Can I Afford It?

With the current economic it's becoming more and more popular for homeowners to become landlords. There are several reasons for this, you got married or had a baby (congratulations) and you suddenly need more space, or you've found a great deal on a property, even better you just looking to diversify your portfolio by adding real estate. No matter the reason, you should make sure you learn as much as you can about what's involved, to not make significant financial mistakes.

The first question to ask is can I afford it? This is the first and most important question that anyone looking to become a landlord should ask himself or herself. This simply does not mean "can I make the 20% down payment, required by most lenders today". I'm talking about the expenses that will be incurred during ownership. But lets not get ahead of ourselves.

The most cost effective rental property is your current home. Before you buy, you should consider turning your current home into the rental property even if just for a year. Reasons for doing this include:

  • You know the property. You know where all the light switches are, and what they do, where the loose boards and cracks are; you know what works and does not work. You know how to change and where to find the air filters, and more likely you already have some established maintenance schedule setup. Most importantly, you have an idea of monthly costs.
  • You have an established "comfortable" mortgage. Typically a 20 to 30 year fixed rate mortgage which you can currently afford.
  • Investment properties are harder to finance. A new mortgage on an investment property is typically ½ a point or more higher than what you can get on a primary mortgage.

Knowing all this will help you understand how much money you would need a month in rent to keep things running smoothly. If this final amount is equivalent or lower than other rental homes of comparable size in your neighborhood, then you have a good chance of being successful. If not, don't do it.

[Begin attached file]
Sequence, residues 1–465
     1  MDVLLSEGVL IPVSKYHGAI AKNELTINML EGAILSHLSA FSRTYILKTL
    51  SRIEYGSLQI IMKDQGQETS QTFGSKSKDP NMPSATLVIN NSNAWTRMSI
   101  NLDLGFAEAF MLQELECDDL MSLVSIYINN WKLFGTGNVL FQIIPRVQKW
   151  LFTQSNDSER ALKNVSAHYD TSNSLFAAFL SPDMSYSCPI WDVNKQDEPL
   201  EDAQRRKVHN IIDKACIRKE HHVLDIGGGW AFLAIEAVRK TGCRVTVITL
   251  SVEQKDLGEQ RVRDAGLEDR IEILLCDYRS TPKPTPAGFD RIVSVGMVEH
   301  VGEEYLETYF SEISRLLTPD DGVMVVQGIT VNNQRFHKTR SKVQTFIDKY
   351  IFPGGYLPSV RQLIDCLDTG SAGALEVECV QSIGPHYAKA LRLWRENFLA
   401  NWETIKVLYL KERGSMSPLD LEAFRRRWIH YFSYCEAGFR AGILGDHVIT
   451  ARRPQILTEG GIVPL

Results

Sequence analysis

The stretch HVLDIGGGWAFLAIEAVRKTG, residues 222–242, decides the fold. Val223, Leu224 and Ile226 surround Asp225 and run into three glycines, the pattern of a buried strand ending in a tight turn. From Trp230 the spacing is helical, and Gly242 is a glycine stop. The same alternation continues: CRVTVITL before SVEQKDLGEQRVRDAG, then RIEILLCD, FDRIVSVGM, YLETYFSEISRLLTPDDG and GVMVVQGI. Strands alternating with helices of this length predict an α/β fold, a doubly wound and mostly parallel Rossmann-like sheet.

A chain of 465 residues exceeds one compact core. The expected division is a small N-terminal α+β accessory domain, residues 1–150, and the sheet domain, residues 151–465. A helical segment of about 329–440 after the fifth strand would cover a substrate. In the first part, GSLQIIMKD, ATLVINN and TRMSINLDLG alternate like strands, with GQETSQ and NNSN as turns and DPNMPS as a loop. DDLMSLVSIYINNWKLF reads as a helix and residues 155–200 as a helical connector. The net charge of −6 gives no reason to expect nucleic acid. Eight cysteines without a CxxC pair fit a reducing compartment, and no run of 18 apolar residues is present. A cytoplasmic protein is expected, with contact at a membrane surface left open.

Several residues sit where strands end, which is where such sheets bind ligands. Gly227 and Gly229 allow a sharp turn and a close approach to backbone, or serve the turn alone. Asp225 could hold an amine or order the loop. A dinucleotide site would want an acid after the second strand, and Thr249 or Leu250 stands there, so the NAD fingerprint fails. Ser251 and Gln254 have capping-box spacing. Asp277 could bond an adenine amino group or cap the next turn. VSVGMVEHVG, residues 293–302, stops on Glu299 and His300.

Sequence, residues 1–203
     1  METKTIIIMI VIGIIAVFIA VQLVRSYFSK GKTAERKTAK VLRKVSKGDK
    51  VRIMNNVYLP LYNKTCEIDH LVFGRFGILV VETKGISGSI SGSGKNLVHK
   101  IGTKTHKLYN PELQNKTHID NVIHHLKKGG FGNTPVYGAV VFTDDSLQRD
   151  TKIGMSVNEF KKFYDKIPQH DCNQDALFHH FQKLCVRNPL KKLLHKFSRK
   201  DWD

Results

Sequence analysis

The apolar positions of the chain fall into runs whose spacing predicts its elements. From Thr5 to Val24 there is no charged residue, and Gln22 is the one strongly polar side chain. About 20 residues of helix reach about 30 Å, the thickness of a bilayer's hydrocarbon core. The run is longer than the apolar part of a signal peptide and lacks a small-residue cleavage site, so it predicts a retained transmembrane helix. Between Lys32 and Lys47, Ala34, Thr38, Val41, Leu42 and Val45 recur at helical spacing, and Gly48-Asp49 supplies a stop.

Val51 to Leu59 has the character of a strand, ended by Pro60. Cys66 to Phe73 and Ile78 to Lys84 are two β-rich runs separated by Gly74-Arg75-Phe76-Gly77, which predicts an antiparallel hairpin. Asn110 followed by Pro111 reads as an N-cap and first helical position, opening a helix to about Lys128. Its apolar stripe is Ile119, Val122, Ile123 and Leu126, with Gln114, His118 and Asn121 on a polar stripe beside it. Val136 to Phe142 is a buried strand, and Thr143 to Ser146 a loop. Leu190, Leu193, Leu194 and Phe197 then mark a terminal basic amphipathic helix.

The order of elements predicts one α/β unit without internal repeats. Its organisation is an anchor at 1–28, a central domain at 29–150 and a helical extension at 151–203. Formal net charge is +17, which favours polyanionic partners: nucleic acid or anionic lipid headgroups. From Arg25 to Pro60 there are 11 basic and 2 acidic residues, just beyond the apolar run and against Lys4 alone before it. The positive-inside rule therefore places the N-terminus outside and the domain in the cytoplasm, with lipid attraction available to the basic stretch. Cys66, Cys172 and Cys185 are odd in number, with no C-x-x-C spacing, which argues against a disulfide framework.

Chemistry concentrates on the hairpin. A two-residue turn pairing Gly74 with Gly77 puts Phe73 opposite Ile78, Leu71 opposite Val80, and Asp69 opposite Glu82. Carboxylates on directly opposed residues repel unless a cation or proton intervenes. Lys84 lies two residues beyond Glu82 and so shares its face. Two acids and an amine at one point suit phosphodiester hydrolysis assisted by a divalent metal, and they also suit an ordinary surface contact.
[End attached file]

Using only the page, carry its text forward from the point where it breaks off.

A rental property typically does not generate enough income on a monthly basis. (Not that it's not possible, it's just not the norm.) It is an investment that will appreciate over time, so that when you sell it you will reap the profits. If your getting in it to supplement income in the short term your looking at it the wrong way.

Ok, so lets get down to the real nuts and bolts. Today, homes are being sold at a discount from their inflated prices just a few years ago. But how do you know if your getting a good price.

A good real estate agent will pull what are called "comps", which are the prices of comparable homes in the area which have sold recently and how quickly they sold at that price. If it was on the market for a long time, it might mean they where asking a bit too much. You can do this yourself by using sites like and

Another easy way is to find the counties tax assessors assessment value. And finally contact a contractor and have them tell you how much it would cost to re-build that home (however, this option will cost you a few dollars).

Now that we have our price, we need establish good financing.

The most conservative financial structure involves paying down 20% or more, and financing the remainder in a traditional 30 year fixed mortgage. With a 20% down payment more leaders will be willing to work with you and you stand a better chance of getting a good interest rate.

However, better returns are possible with higher risk, which means looking at 5 to 7 year ARM. These loans will carry even lower interest rates, which translate into lower payments.

I must remind you, that getting this kind of loan would put a timetable on the investment, prompting you to look at re-financing or selling in 5 to 7 years. However, based on the current economic and political climate, it is highly likely things will turn up before then.

To find competitive mortgage rates in your neighborhood, you can use site like This site also has many calculators to help you determine your monthly mortgage payments.

In addition to your mortgage, there are other expenses that you need to consider when determining your monthly cost. These include:

  • Utilities - Gas, Water, Electric (if not billed directly to the tenant)
  • Insurance
  • Maintenance - HOA fees, lawn (sprinklers), AC and furnace maintenance

To get more details on kinds of insurance coverage available and what the cover, visit

We'll cover maintenance another day.